Relationship Mistakes

March 1, 2012

No.10 Don’t Expect Her To Change

Don’t expect them to change. People change because they want to, not because you want them to.

 

No.9 Find Someone Who Shares Your Interests

Here’s the straight scoop. There is a woman who will love playing video games with you. There is a woman who loves sports. Hell, there is a woman who loves polka, if that’s what you’re into. Don’t get stuck in the trap of believing “what girls are like” and accepting someone who doesn’t mesh with you based on this foolish common “knowledge.”

If you don’t want to be forced to watch Sex and the City, find a woman who’s not interested in Sex and the City, or one who is but who respects that you aren’t. Don’t want to go shopping? Tell your woman or find one who doesn’t want to drag you along. Many of the problems I hear guys complaining about could be easily fixed by finding someone who actually shares their interests instead of the first hot body that catches their eye, or by putting their foot down at the beginning of the relationship. Don’t pretend you like things you don’t, don’t go out of your way to pretend you’re someone you’re not; just be you and find someone who enjoys what you do.

I think this is the secret to happiness in relationships.

No.8 Don’t Make Assumptions

The biggest relationship mistake I see young men make is thinking that “women are this way” from all the stupid “forever alone,” “Hey, aren’t girls crazy?” and “Hey, listen to this story about my crazy girlfriend” stories that float around.

No.7 Try To See Things From Her Point Of View

I would have to add empathy to that list. Being able to place yourself in your partner’s shoes and see things from their perspective is very important when diffusing fights or disagreements. The challenge is to get your partner to also do this on a regular basis.

No.6 Make Sure You’re On The Same Page

Furthermore, be careful for “feelings inequity” (she likes you more than you like her, or vice versa). Not sure if this is a problem, but most relationships go badly because of this. I’m not sure if there’s even anything you can do about it, just something to watch out for.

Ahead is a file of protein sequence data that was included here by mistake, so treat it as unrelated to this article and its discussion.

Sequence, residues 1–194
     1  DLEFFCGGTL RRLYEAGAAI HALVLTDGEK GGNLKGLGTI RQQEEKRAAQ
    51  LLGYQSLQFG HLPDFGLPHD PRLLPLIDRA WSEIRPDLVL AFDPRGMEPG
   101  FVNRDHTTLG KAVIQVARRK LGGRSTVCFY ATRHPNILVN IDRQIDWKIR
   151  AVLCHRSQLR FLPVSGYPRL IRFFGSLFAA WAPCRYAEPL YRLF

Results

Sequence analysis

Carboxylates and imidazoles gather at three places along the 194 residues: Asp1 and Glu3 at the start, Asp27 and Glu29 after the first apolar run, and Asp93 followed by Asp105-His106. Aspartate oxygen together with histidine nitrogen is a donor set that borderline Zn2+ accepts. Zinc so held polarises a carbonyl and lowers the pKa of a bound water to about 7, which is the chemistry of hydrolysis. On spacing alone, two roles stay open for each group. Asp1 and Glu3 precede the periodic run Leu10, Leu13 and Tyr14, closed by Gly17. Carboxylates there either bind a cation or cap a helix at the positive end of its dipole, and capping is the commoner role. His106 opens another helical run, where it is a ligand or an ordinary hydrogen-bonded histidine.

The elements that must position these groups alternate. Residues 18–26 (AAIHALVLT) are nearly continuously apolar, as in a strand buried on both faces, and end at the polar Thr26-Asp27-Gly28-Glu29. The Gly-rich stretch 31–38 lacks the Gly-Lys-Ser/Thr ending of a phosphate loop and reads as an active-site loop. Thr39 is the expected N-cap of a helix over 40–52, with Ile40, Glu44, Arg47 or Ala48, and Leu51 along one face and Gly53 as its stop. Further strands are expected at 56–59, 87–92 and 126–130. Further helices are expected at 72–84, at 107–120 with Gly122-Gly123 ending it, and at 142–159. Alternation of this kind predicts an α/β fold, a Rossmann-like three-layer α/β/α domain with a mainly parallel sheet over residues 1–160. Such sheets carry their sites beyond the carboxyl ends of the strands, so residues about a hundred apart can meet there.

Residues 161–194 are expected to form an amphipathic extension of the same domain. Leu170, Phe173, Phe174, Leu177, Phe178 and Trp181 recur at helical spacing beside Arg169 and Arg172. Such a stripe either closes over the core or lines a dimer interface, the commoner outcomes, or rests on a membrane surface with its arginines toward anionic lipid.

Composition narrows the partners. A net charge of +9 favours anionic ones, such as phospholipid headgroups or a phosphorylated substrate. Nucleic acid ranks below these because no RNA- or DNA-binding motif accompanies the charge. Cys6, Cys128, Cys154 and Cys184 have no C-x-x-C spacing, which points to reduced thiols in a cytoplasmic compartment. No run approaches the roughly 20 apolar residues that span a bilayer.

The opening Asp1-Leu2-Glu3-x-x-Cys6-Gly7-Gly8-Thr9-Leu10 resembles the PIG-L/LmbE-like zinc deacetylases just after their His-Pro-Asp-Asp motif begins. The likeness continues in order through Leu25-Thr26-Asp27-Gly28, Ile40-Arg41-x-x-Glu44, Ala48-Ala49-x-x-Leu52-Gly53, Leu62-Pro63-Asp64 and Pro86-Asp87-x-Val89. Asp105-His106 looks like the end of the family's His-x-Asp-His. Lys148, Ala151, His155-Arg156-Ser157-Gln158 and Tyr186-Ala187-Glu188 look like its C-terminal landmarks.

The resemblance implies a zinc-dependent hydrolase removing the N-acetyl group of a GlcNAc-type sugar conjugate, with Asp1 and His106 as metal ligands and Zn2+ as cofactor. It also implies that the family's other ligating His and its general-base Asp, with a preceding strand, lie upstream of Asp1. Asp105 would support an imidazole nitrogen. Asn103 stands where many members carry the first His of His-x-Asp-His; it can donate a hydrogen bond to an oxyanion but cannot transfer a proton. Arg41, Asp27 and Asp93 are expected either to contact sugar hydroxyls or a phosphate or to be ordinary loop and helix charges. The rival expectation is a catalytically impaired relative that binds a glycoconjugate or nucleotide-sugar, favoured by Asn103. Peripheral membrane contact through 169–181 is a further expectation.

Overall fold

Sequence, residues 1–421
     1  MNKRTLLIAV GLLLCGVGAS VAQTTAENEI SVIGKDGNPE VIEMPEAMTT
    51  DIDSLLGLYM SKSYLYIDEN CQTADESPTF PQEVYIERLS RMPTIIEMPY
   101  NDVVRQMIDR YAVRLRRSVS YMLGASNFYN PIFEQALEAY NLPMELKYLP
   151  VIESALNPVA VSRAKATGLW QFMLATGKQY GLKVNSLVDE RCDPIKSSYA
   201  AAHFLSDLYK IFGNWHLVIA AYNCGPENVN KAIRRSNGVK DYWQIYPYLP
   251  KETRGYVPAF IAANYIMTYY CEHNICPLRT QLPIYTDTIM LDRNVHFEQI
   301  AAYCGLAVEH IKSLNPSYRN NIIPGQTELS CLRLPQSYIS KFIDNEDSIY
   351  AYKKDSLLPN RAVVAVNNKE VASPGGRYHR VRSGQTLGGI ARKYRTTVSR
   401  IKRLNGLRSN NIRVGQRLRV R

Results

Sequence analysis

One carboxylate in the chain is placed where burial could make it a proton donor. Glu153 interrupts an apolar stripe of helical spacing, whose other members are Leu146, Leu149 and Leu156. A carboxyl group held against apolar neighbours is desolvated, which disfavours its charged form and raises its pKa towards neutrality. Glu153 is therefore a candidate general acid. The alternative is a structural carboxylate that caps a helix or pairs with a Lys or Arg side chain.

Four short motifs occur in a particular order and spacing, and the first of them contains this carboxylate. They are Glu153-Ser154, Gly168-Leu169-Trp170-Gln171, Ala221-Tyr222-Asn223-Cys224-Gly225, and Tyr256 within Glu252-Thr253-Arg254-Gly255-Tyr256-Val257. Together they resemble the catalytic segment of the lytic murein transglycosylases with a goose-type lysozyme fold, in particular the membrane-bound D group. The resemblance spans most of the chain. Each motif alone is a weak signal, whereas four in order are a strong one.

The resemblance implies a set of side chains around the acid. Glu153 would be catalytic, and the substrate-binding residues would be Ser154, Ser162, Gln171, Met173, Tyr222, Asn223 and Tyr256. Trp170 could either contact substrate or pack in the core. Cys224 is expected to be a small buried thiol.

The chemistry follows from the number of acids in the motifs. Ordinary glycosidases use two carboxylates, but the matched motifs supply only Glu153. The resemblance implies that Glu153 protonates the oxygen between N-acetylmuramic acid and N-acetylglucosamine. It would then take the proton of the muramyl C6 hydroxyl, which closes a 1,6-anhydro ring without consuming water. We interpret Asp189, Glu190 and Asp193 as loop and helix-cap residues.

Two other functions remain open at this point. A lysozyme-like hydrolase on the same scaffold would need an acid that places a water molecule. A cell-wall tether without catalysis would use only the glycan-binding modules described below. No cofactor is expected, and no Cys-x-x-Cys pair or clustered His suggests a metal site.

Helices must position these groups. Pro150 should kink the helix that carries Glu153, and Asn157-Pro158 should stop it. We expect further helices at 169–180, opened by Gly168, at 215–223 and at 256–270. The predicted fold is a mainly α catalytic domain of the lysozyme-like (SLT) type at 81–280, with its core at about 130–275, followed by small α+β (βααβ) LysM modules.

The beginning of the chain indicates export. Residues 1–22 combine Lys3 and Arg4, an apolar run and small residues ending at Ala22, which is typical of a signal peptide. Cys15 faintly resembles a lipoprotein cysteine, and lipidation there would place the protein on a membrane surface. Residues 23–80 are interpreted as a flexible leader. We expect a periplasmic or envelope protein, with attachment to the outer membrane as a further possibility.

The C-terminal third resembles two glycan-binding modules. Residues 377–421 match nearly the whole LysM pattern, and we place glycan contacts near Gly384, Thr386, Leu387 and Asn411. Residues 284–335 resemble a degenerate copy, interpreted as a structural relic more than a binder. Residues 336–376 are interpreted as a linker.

No.5 Learn To Compromise

The biggest breakdown in communication is when both parties expect different things. You can’t expect to have the same feelings on every issue, but you should be able to find an equitable meeting place. If one party keeps having to compromise but the other doesn’t, it can get bitter quickly.

No.4 Tell Her How You Feel

Tell her about it. F*ck being clingy. If you feel something, really feel it. Say it. If she doesn’t feel the same way, you’ll lose this one girl, but if she does and you wait too long, you could regret it forever.

No.3 Always Resolve Issues

Always resolve issues; don’t leave things you care about unresolved. If you care about something don’t say “That’s OK” when she gives you a half-assed excuse. If it actually isn’t OK that she still sees her ex every Friday night, tell her. It will eat at you if you don’t.

No.2 Don’t Get Personal

When you argue, don’t get personal. Respect her. Don’t say things that will hurt her feelings and expect she does the same. Your loved ones can cut you the deepest, but they never should.

No.1 Make Sure To Communicate

Lack of communication. Make sure you talk sensibly about the things that bother you and, in turn, when she does the same, don’t make judgments too fast; think about how you respond.